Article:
On September 14th, 2020 a nurse, Dawn Wooten, working in the Irwin County Detention Center (ICDC) alleged rising rates of unnecessary hysterectomies among immigrant women. While media coverage primary focused on the hysterectomies, Project South, Institute for the Elimination of Poverty and Genocide released a supplemental report condemning a variety longstanding ICDC medical practices, ranging from medical neglect to rotten food. During the Covid-19 pandemic, accusations of medical malpractice from detainees at ICDC have only multiplied as the understaffed detention center struggles to provide basic human rights to its inhabitants.
Like many private prisons, ICDC is paid by the federal government per prisoner per day. This means private prisons are incentivized to maximize the amount of detainees they can house, resulting in overcrowded facilities and detainee quotas. In 2017, the Department of Homeland Security published a memo outlining goals to detain 85,000 immigrants with detainee quotas built into private prison contracts. Legislation introduced in 2015 to prevent such quotas has stagnated. As a result, places like the ICDC are attacked with inmates during the coronavirus pandemic and those lucky enough to receive medical treatment could find themselves forced into involuntary medical procedures.
In order to obtain legitimate consent, a patient must fully understand their procedure and they must be given the opportunity to ask questions. According to whistleblower Wooten, one detained woman expressed confusion as to why they had gotten a hysterectomy. “I’ve had several inmates tell me that they’ve been to see the doctor and they’ve had hysterectomies and they don’t know why they went or why they’re going,” Wooten said. Moreover, some detainees were given disparate explanations for their procedures. One woman was told by her doctor that she was going to have a short procedure to drain an ovarian cyst, while the officer transporting her to the procedure claimed she was there for a hysterectomy, and the nurse stated she was there to scrape tissue from her vagina.
Lack of clarity and understanding between doctor and patient invalidates consent, which is even more crucial between medical staff and detainees under their authority. Consent must be thoroughly regulated to protect vulnerable detainees and the ICDC has been accused of falsifying medical records, and coercing detainees to sign misleading paperwork. In addition, Wooten claimed to see shredded medical requests and medical neglect amidst the coronavirus pandemic. Under these conditions, not only has the ICDC failed to obtain proper consent, but the facility failed to provide basic medical care especially under Covid-19.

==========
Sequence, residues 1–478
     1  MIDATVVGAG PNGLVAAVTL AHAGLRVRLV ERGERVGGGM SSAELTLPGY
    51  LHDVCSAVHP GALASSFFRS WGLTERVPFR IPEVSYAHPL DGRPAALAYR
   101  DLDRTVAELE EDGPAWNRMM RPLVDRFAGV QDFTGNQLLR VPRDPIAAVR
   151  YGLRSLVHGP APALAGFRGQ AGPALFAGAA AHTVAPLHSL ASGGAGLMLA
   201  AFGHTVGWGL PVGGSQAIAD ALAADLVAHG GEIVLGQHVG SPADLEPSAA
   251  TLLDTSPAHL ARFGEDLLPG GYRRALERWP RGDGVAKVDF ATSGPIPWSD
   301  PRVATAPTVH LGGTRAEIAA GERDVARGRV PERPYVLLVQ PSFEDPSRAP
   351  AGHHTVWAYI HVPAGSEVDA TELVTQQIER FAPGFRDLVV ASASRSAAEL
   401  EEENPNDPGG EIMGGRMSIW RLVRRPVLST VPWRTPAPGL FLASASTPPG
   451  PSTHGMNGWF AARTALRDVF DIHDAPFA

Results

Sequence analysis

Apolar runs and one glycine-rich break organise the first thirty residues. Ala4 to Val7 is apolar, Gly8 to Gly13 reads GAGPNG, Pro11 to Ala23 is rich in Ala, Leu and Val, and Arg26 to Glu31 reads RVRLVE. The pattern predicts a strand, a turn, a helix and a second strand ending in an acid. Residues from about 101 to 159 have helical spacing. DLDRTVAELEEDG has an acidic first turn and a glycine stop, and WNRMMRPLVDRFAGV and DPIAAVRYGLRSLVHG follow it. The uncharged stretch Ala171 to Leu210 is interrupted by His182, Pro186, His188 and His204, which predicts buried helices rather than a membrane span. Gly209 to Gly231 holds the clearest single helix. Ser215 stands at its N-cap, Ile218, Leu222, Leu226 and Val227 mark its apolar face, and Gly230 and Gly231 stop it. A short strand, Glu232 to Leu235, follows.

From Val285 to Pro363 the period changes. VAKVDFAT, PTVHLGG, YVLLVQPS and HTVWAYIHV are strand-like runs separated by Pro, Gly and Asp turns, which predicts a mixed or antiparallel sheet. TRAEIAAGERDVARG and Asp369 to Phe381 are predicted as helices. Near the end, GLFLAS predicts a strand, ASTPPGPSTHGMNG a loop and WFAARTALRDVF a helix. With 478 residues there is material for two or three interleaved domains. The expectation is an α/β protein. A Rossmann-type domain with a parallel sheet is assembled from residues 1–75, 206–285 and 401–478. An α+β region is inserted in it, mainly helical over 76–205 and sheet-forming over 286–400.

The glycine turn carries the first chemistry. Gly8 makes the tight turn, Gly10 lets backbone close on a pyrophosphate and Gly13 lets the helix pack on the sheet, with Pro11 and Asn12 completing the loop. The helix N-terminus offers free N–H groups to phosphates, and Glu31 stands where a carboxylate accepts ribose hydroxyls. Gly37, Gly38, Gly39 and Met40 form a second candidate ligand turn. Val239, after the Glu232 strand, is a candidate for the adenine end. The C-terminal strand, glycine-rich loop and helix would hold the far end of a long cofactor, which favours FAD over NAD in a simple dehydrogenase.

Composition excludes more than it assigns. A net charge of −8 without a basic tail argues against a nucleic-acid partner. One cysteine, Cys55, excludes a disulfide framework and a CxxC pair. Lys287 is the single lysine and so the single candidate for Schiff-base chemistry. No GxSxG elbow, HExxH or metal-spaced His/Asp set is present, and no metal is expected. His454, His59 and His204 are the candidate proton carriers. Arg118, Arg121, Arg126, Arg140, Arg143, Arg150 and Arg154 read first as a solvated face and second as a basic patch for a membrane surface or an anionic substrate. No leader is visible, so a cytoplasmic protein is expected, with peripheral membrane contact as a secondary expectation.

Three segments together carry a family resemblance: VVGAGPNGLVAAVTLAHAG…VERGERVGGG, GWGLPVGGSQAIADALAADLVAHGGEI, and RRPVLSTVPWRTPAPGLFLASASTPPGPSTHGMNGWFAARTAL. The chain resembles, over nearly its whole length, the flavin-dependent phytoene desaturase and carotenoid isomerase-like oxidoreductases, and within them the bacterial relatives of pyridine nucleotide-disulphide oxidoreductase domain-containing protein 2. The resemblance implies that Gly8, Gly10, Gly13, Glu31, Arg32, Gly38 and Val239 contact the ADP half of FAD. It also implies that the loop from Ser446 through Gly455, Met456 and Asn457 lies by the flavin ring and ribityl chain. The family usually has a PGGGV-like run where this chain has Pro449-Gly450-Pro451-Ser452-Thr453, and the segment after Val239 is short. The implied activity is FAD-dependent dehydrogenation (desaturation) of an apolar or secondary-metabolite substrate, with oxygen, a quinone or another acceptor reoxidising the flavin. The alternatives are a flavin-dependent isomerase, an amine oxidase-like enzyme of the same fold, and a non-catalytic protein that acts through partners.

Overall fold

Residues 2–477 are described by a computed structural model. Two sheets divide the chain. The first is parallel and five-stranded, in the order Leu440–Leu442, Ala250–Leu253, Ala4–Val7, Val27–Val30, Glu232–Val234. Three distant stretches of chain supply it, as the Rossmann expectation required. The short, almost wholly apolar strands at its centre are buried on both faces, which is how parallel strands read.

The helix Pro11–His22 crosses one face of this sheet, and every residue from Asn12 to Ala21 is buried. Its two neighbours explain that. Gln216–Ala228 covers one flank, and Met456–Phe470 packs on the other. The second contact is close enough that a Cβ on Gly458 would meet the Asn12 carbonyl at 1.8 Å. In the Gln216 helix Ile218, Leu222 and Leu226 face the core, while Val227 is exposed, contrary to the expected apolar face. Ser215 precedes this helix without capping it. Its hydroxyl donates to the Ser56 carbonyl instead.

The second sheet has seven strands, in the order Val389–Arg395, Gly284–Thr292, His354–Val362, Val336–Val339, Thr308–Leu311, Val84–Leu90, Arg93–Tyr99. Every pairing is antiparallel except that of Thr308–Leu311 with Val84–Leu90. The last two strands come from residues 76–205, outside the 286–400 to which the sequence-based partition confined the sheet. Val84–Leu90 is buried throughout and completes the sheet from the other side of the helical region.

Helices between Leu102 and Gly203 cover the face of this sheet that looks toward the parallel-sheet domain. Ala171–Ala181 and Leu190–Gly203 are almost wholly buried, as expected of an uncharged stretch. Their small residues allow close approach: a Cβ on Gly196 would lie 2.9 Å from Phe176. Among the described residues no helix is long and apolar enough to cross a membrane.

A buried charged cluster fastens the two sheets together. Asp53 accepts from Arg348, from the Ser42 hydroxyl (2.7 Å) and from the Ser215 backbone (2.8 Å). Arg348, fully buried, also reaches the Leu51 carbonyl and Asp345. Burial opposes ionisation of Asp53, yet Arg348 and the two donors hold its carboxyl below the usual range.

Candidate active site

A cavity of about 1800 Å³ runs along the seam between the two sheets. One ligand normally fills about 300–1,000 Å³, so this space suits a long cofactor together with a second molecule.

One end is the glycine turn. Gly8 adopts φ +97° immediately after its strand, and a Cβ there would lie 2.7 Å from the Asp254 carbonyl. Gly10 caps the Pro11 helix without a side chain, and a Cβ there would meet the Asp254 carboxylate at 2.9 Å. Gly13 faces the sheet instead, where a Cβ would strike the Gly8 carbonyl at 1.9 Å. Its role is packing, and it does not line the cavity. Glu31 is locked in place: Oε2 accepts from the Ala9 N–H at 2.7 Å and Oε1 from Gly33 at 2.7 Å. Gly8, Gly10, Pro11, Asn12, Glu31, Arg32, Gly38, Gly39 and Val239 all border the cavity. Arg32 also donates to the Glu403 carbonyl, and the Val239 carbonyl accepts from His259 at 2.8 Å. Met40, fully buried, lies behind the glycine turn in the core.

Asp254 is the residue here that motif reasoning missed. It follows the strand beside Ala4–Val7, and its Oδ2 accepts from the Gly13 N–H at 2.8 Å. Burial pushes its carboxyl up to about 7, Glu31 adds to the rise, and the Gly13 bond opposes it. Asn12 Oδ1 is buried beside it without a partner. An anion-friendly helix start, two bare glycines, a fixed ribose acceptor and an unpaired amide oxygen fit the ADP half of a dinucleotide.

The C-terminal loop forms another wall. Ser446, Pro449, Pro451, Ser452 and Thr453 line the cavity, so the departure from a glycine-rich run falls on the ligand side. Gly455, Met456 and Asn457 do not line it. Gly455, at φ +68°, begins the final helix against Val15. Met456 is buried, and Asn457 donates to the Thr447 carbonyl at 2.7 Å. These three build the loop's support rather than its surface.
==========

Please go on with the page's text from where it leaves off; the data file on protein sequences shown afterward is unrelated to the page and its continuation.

During the coronavirus pandemic response, Wooten alleged that the ICDC refused to test symptomatic detainees exposed to the virus. Wooten accused other employees of working while symptomatic and hiding positive test results, while symptom attestations were ignored and symptomatic employees were cleared for work either way. In addition, despite CDC guidelines, transfer detainees were introduced into quarantined cohorts without proper testing. According to Wooten, if a cohort had been quarantining for 10 of the required 14 days, a new transfer could be introduced into that cohort without resetting the quarantine clock, resulting in a 4-day quarantine for the transfer detainee instead of 14, potentially exposing the facility to an outbreak.
Prior to the pandemic, the quota system packed the ICDC with detained immigrants, preventing any hope of social distancing. Inmates were confronted by frustrating social distancing posters mandating 6 feet of separation while their beds sit just three feet apart. Detainees complained that food was spoiled and rotten, often times with hair, ants and cockroaches found inside. Inmates and employees were not provided with enough PPE to prevent the spread of Covid-19. Hygiene standards dropped below ICE guidelines as detainees complained of dirt and grime layering every surface. Without hygiene and nutrition, these detainees are at higher risk of infection.
According to the CDC, pre-existing conditions like cancer and immune system disorders exacerbate Covid-19 risks. Project South reported that some patients were forced to wait weeks for their medications. One detainee claimed that they were not provided with their breast cancer medication for six weeks while another detainee was not given their HIV medication for three weeks.
From hysterectomies without consent, to obfuscated Covid-19 testing and medical neglect, the ICDC has violated numerous ICE Performance-Based National Detention Standards. If these allegations by whistleblower Wooten, the ICDC should be under investigation for human rights violations. The ICE Inspector General responded to Project South, stating that “In general, anonymous, unproven allegations, made without any fact-checkable specifics, should be treated with the appropriate skepticism they deserve.”
Project South submitted their report to the Inspector General of the Department of Homeland Security and advocated for a full investigation.